I think that Paul was not God’s only tool in spreading the gospel and somtimes that is forgotton. God uses so many people to do His work and most of them are not in the spotlight. Many missionaries go and do mission work that helps set up for others ministeries and their work is not as apreciated because it was in the backgroun. Yet their work was just as important and the missionaries who’s works are at the front would not be able to functon without them. I think this is similar to this story in Acts. Back towards the beginning of Acts the christians were spread out due to persecution. It is not hard to beleive that some of them might have traveled to Rome. In any case it is beneficial to Paul and he is able to set up a good foundation for his own ministry.
I deffinitely agree with Jennifer Warner and many others. We never even consider that there were missionaries besides Paul, and that they were doing mission work even before he was. I dont know why I always thought that so many people were reached by Paul only. I guess thats just what I was taught.This passage just goes to show how limited my thinking is sometimes, to what other people put the focus on. I think this can be applied to many parts of the Bible where some things are emphasized more than others(which is not always neccesarily right) and therefore we should be careful to study everything in the Bible and not just rely on what tradition has always emphasized. Traditions can be good, but they are still flawed.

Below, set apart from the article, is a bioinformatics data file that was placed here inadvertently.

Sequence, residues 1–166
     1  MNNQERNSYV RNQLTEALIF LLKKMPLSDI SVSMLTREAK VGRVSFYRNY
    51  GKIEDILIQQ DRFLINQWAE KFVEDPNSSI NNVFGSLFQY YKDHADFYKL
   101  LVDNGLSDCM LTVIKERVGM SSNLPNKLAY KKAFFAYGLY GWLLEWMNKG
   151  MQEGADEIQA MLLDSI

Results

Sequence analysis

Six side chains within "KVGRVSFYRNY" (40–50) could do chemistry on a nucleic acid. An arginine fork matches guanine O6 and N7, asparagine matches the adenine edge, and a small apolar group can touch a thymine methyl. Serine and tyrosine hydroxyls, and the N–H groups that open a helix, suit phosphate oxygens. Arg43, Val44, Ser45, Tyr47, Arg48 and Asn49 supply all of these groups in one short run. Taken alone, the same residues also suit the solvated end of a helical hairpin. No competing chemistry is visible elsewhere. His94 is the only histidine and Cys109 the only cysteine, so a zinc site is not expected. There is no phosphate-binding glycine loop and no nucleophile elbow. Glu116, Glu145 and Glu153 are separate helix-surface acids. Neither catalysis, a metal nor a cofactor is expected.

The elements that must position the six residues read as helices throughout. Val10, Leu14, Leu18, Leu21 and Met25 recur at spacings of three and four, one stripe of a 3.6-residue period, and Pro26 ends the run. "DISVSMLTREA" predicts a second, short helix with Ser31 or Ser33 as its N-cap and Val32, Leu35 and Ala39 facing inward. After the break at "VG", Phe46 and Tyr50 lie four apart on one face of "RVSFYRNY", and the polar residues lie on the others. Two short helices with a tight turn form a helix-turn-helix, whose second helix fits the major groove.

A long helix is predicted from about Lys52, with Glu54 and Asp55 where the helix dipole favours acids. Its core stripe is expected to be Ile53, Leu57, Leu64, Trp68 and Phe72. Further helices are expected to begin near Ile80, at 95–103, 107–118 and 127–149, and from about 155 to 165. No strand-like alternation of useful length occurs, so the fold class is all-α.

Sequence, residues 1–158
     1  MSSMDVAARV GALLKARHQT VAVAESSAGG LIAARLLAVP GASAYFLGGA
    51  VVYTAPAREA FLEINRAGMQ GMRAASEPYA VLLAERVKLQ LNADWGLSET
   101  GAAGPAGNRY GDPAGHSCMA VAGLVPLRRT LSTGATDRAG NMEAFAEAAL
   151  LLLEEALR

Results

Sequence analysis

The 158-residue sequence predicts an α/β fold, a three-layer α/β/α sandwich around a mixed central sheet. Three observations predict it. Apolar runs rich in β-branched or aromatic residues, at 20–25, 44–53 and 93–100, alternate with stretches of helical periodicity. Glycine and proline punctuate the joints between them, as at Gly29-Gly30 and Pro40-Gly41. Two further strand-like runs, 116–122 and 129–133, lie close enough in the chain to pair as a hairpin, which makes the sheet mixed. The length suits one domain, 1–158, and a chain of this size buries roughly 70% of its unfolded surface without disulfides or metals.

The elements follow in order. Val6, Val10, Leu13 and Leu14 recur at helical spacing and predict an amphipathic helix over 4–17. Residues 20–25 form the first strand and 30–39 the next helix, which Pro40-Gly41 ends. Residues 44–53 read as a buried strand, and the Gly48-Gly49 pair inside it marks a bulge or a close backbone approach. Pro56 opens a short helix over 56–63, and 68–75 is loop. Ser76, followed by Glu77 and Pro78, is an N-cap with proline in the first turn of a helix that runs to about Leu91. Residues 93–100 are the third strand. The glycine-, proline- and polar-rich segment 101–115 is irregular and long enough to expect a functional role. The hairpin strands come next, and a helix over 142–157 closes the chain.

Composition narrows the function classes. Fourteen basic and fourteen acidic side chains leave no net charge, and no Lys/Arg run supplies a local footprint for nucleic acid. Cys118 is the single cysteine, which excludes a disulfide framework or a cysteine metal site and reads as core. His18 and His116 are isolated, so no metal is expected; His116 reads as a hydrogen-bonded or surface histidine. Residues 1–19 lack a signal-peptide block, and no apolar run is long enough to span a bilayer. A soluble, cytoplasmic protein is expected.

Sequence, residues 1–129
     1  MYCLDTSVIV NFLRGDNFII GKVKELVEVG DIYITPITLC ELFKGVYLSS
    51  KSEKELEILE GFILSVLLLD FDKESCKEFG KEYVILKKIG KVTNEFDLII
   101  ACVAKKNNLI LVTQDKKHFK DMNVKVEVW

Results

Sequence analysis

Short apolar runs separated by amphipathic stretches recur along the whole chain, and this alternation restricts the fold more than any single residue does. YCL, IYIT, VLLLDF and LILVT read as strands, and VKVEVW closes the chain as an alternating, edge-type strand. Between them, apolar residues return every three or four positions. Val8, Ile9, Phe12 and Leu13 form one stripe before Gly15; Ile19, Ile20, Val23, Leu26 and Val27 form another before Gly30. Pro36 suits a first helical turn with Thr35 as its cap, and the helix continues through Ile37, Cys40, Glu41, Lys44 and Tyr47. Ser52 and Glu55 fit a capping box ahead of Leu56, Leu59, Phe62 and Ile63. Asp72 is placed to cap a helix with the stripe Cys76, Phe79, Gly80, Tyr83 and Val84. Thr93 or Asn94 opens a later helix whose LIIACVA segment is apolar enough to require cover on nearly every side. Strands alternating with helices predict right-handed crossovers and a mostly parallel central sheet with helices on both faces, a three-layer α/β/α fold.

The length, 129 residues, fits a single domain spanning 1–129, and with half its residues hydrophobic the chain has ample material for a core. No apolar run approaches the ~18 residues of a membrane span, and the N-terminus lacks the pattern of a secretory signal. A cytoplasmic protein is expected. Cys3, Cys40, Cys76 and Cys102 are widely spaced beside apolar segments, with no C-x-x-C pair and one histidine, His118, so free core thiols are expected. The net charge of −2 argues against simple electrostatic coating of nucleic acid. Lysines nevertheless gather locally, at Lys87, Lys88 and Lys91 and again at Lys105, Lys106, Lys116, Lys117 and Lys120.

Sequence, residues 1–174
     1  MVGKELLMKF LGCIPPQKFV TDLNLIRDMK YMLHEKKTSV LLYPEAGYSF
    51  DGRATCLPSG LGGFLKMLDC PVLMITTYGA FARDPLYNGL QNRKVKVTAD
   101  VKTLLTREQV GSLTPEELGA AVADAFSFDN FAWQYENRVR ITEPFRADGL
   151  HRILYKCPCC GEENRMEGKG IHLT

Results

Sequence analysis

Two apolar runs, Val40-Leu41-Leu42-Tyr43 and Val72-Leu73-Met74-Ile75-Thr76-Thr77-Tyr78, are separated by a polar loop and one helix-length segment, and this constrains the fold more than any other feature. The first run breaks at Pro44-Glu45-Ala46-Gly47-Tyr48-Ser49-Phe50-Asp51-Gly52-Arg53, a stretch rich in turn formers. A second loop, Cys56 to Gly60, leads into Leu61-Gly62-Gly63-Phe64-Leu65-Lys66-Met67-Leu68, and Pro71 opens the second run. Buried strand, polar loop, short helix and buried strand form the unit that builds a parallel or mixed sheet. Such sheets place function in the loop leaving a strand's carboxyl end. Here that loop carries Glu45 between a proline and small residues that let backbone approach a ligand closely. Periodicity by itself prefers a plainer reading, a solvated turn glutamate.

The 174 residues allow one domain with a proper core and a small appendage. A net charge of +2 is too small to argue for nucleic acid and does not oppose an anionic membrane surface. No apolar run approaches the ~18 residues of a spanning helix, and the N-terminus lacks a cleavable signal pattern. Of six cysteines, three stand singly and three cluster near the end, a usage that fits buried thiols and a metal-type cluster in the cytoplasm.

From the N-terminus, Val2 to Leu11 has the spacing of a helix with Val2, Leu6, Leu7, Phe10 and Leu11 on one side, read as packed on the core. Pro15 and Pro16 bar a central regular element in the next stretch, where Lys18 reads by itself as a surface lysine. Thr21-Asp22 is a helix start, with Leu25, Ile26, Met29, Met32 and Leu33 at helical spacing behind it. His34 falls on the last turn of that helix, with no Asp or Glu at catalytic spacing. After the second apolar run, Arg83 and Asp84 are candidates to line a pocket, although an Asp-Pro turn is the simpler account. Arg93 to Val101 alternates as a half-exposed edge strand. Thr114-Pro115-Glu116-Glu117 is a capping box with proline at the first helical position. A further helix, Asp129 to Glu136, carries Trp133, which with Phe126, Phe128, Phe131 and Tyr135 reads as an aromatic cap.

I think that the argument that the church in Rome was started by Pentecost converted Jews is a very plausible and reasonable explanation that I would agree with. Rome was the capital of the empire and a great city. So, many Jews during the Pentecost celebration would have come from Rome only to go back to their families and synagogues after their conversion. But, Witherington makes a great point in saying that Paul was likely the first to teach them a law-free, grace salvation. The Jews that started the church ahead of Paul’s influence would have been founded by newly converted Jewish men who believed in Jesus as Messiah, but they would not have had the same divinely inspired revelation that Paul received.
I believe that it didn’t matter to Paul if there was already Christianity there or not. He had a goal in mind and went there to accomplish his goal. It’s hard to say what type of Christianity was in Rome, there could I’ve been a group from a town that Paul stopped in that decided they were going to travel to Rome and bring the message Paul brought them. Is that out of the question? If it was a different type of Christianity that did not believe in grace through faith and gentile faith then it might be a little harder for him to change them again. They already changed their ways to something that someone told them was the truth now they have to change again.